Finding humanistic therapy services involves a thoughtful and proactive approach to identifying qualified therapists who offer this therapeutic modality.

A person can start by researching humanistic therapy and its principles to understand its approach and potential benefits.

Online resources, such as the Psychologist Locator from the American Psychological Association and the National Register of Health Service Psychologists, can help people find local therapists who suit their needs.

A person can also ask their primary care doctor or trusted friends, family members, or colleagues for referrals.

When considering a therapist, a person can carefully consider the therapist’s qualifications, experience, therapeutic approach, and areas of expertise.

Many therapists offer free consultation calls. These can allow the person to speak directly with potential therapists, ask questions, and assess their personalities and therapeutic styles.

In general, humanistic therapy fees are comparable to other types of psychotherapy. Costs vary depending on the therapist’s credentials, location, experience, and specific services.

Additionally, online therapy platforms and teletherapy options may provide more cost-effective alternatives. They often offer a range of pricing plans and subscription-based models.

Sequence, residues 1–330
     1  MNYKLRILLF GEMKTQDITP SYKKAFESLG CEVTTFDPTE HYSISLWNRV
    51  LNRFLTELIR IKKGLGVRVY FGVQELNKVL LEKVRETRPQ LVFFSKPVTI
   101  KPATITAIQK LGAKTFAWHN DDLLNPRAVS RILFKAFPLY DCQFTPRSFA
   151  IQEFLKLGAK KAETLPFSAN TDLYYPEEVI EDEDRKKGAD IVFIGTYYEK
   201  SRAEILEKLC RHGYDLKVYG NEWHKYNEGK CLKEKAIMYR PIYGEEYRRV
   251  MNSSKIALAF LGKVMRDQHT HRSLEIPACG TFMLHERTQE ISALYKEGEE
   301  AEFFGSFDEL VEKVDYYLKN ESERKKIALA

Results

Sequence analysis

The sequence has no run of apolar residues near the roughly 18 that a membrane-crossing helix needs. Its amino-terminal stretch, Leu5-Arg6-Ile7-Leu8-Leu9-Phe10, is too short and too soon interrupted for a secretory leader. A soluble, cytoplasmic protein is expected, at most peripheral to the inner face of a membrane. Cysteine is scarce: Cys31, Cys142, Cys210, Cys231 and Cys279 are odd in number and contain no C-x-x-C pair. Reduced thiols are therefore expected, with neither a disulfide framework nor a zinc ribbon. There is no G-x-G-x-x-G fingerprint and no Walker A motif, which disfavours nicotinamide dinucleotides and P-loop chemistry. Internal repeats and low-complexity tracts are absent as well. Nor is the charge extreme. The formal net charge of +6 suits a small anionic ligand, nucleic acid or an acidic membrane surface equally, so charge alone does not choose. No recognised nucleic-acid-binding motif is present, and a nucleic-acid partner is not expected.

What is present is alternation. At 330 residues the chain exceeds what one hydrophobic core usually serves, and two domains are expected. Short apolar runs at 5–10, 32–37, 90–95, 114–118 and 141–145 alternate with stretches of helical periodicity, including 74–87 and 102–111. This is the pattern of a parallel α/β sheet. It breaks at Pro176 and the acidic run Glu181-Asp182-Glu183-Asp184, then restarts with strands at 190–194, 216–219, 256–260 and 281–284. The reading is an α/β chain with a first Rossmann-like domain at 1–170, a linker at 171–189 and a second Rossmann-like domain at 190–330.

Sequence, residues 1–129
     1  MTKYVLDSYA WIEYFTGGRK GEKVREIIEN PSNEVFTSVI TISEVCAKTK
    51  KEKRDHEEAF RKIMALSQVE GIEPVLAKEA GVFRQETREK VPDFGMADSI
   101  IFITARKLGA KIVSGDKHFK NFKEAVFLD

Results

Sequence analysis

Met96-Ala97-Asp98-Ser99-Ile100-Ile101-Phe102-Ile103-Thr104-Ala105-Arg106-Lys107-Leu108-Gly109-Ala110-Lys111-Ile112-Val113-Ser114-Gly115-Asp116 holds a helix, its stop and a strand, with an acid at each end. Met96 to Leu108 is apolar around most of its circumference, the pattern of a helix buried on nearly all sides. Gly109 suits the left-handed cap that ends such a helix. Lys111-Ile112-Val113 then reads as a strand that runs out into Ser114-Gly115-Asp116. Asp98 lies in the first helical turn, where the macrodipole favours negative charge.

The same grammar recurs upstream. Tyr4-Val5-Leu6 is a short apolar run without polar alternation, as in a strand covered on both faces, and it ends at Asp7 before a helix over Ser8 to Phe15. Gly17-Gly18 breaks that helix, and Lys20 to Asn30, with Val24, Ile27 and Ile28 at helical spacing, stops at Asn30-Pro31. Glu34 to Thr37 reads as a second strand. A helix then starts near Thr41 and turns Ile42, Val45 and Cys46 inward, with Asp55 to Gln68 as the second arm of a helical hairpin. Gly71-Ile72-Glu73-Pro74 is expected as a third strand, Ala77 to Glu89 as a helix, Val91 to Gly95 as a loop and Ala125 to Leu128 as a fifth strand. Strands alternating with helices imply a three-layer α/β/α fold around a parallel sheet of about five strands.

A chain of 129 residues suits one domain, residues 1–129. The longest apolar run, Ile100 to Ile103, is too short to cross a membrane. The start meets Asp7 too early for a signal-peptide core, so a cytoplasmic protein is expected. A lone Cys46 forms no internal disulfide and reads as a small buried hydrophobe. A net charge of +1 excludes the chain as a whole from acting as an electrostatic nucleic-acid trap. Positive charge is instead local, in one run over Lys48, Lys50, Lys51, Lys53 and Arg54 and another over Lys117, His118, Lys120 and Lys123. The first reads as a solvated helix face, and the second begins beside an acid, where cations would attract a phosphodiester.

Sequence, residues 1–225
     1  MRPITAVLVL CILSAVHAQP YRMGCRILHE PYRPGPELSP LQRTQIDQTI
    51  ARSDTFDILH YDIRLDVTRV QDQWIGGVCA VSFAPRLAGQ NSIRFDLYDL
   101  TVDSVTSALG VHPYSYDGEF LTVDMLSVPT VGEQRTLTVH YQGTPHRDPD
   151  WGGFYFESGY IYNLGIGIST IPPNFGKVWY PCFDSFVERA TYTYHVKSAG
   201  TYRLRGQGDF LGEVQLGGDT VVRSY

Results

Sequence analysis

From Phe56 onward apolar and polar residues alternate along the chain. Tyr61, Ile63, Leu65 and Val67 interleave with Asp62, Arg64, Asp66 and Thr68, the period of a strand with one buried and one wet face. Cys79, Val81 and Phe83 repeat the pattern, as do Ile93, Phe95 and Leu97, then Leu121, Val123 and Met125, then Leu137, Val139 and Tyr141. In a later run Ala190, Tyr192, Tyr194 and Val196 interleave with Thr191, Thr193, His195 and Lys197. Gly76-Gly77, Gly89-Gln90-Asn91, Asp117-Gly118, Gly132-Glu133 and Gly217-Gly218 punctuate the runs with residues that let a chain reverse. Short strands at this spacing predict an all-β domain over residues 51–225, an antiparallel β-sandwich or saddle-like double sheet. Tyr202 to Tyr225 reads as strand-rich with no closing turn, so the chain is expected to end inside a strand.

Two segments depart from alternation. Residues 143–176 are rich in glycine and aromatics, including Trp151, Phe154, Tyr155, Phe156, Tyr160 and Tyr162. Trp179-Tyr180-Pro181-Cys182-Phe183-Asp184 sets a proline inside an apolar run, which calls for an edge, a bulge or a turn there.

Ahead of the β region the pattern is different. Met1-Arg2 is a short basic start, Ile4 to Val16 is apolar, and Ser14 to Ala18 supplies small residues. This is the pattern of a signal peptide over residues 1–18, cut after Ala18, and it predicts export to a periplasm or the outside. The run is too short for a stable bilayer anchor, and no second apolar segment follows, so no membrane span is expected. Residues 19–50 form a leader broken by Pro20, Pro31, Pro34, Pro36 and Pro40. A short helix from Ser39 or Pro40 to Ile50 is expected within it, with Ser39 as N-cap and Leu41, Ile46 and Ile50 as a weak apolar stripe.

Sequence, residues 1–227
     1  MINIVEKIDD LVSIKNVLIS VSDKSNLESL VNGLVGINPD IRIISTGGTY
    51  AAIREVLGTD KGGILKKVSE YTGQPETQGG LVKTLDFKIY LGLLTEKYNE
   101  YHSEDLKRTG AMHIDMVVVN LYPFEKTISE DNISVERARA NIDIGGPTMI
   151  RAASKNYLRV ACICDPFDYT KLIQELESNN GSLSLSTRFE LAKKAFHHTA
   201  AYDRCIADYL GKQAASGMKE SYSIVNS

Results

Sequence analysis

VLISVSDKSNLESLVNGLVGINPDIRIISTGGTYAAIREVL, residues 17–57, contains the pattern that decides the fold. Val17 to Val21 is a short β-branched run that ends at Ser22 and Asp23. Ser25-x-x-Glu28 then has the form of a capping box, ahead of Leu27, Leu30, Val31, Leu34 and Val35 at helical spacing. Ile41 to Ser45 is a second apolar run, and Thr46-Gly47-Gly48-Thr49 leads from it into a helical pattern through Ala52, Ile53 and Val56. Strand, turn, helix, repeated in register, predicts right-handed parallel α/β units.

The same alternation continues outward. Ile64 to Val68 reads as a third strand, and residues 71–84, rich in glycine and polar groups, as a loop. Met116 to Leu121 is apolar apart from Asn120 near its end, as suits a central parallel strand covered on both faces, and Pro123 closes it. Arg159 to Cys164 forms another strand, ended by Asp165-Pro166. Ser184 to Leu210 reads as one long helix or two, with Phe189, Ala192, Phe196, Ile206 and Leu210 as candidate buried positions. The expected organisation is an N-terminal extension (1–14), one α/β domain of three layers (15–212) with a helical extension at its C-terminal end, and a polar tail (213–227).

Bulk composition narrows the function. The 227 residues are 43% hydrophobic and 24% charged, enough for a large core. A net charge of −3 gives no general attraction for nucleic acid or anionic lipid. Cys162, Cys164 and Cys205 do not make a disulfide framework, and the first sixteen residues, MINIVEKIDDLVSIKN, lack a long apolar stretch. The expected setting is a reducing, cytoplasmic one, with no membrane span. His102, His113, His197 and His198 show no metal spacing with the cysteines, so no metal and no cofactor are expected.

BetterHelp is one example, with plans costing $60–$90 weekly. Talkspace costs around $109 weekly or less.

In addition to humanistic therapies, various other modalities can support people in their mental health journey, such as:

  • Cognitive behavioral therapy (CBT): CBT is an evidence-based therapy that focuses on identifying and modifying negative thought patterns and behaviors. It helps people develop healthier coping strategies and fosters lasting changes in behavior.
  • Psychodynamic therapy: Rooted in psychoanalytic principles, psychodynamic therapy explores unconscious thoughts and emotions to understand their influence on present-day experiences. It aims to foster lasting change through increased self-awareness.
  • Mindfulness-based therapies: These therapies integrate mindfulness practices to promote self-awareness, stress reduction, and emotional regulation. Two examples are mindfulness-based cognitive therapy (MBCT) and dialectical behavior therapy (DBT).

A person can opt for in-person or online therapy. Online therapy options offer virtual sessions and counseling services. They can provide convenience and accessibility for people with busy schedules or limited mobility.

Some virtual therapy options include:

Humanistic therapy is a compassionate and empowering approach to mental health. It prioritizes individual growth, self-awareness, and personal responsibility.

Grounded in the belief in the inherent worth of each person, this humanistic therapy fosters a safe and supportive environment for people to explore their emotions, values, and aspirations without judgment.

Through unconditional positive regard and empathy, humanistic therapy empowers people to embrace their authentic selves, leading to improved self-acceptance and increased self-esteem.